Google is killing off cookies, Apple has disabled app tracking, and more and more consumers are opting out of tracking of any kind. For marketers, the release of this news seemed like the beginning of the end. In the same breath that consumers have demanded better experiences and more tailored recommendations, they have removed brands’ primary methods of delivering personalization.
In reality, these changes are an opportunity for brands to skip the shortcuts of following consumers around the internet, and instead focus on developing experiences that consumers enjoy and relationships where they are willing to share data to gain access to better recommendations. Better experiences will deliver higher conversion rates, fewer returns, and greater lifetime value. So how do marketers start building these experiences?
Personalization has been a hot topic among marketers for a number of years, however many of the tactics used in personalization exacerbated poor customer experiences as opposed to delivering value. Those bad experiences do more than annoy customers too; 63% of consumers indicated that they would stop shopping with a brand who used poor personalization tactics. Thinking about blasting every user who visits your website with a generic email? Maybe hold off. Instead, build something that provides an incentive for visitors to open the conversation with your brand, initiating a value exchange that is more likely to end with a sale as opposed to an unsubscribe.
3D configurators are immersive experiences that bring shoppers into the design process, allowing them to build a product unique to their needs, even if it is built from your stock options. The value added by the process of customizing a product is well documented, and closely linked to how humans determine value in many aspects of life. Items that are given a sense of ownership by a customer will become more valuable, and the desire to have and showcase the item increases with the amount of time the user spends customizing. In terms of sales, this connection is a strong signal for conversion, but it is also an opportunity for brands to further that customer relationship, and capture actionable data that can be attributed back to the specific buyer.
Let’s look at an example; Arrow Motorcycles offers a 3D configurator on their site, allowing customers to select options for everything from the handlebars to the exhaust style, and that’s before they get to the colors. Chris comes to the site as he is thinking about buying a motorcycle. He has seen plenty of models, but nothing has struck him as HIS bike. As he explores the Arrow site, he finds that the styles offered are similar to what he is looking for, and he is intrigued by their many options that he can customize his bike with. Chris spends the next 10 minutes combining colors, styles, accessories, and logos until he has his perfect bike. Arrow has designed their site so that users are able to save and share their configurations to an account by linking them to an email. Chris is not ready to pull the trigger yet, but he wants to show his friends and family what he designed, so he creates an account that he can come back to. Arrow now has the ability to communicate with Chris with regard to a specific product that he is interested in, opening the door for a personalized offer, recommendations on accessories for the bike he designed, and even financing information. Both sides are more satisfied with the experience and the derived value than if Arrow had tracked Chris using cookies hoping that he would convert.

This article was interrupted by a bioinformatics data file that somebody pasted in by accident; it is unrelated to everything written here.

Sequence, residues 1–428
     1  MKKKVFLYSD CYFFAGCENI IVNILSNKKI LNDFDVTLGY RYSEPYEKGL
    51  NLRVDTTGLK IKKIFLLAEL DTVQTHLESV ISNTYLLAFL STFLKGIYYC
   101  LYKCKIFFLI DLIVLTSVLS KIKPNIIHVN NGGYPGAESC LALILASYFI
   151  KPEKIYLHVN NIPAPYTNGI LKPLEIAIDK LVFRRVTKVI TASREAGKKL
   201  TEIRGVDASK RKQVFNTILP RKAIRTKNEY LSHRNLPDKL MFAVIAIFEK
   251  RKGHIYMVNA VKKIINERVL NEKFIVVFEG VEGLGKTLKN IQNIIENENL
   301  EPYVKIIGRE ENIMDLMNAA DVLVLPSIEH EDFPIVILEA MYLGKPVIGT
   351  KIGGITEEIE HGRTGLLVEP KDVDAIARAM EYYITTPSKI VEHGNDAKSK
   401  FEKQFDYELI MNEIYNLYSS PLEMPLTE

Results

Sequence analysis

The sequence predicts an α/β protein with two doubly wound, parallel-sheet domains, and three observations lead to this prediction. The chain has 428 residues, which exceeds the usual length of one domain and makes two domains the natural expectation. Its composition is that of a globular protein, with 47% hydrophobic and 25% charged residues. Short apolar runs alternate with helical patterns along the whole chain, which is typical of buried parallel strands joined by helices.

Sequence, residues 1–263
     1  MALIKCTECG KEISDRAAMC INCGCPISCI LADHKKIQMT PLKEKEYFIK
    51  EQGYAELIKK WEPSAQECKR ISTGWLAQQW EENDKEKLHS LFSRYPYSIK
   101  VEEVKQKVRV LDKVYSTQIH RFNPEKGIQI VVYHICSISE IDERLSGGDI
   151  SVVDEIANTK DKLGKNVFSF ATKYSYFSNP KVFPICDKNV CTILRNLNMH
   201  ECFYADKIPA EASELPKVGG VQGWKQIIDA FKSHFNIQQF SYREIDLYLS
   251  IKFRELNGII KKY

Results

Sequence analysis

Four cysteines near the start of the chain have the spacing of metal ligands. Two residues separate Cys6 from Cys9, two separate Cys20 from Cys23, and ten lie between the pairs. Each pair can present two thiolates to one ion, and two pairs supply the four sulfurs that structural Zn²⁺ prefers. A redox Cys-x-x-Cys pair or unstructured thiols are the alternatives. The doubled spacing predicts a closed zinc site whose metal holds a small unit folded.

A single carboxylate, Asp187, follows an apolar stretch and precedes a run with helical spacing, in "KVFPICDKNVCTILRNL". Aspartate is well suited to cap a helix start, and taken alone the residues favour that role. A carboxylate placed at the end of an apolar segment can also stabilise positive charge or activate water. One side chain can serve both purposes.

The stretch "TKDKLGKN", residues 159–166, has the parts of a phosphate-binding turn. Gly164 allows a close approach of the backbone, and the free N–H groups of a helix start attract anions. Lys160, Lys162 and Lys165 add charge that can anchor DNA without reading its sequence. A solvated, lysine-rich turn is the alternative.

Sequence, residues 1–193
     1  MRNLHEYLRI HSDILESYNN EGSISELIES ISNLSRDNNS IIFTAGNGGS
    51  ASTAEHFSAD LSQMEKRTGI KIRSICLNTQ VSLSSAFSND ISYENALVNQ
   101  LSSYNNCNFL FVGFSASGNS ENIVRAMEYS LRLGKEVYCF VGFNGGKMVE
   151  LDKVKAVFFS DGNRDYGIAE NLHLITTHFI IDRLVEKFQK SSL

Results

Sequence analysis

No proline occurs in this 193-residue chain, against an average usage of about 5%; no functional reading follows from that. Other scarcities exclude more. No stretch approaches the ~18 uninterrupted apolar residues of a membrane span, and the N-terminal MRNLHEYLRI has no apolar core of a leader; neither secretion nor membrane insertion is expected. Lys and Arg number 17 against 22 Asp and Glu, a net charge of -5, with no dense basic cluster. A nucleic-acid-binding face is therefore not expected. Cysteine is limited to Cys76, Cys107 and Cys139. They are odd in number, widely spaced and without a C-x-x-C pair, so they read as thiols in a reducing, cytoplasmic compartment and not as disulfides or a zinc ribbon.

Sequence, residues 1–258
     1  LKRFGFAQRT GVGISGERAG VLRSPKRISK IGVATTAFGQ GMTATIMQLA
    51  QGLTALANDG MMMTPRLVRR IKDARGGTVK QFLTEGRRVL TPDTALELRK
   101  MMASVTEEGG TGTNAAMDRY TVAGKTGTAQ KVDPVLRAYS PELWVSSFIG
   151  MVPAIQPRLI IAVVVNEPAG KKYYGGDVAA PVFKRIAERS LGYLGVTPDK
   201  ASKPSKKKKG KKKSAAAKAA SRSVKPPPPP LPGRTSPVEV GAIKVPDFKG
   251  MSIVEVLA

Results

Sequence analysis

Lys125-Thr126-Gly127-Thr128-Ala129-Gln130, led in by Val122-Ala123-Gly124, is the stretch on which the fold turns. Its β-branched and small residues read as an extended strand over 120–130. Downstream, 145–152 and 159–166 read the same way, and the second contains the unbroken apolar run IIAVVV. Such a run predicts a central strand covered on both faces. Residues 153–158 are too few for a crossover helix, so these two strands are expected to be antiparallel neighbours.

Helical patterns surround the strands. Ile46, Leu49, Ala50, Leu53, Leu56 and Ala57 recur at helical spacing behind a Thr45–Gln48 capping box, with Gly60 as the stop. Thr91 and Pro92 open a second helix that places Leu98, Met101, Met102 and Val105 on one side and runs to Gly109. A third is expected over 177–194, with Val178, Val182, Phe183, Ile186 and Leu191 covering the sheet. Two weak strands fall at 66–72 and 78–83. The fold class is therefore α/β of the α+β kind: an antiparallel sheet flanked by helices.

The value of data collected by 3D configurators is not limited to the specific user who configures a product; brands can use the choices made and discarded by consumers when using the configurator to make product design and planning decisions. Popular color combinations, the most frequent model purchased, and combinations of accessories paired together or with a specific model are all data points that Arrow could use to improve their experience and their products. If red is a popular color across the industry, but few of Arrow’s customers choose it after seeing it on the model, perhaps they need to revisit the shade of red they offer. On a more positive note, perhaps they notice that the majority of consumers who upgrade the wheels also choose a certain style of seat and other select upgrades. Arrow could offer these options as a specialty trim, tailored to the buyers who are looking for those extra touches on the bike.
The ways in which brands are able to offer personalization to consumers are changing, but the value that can be generated through new methods and an increased focus on improving the overall experience mean that the loss of tools such as cookies and app tracking should not mean the end of personalized marketing. Brands have new opportunities to engage their customers in engaging ways, and they should be excited to take that next step.
Want to learn more about how 3D configuration can contribute to your personalization strategy? Get in touch with a visual expert today!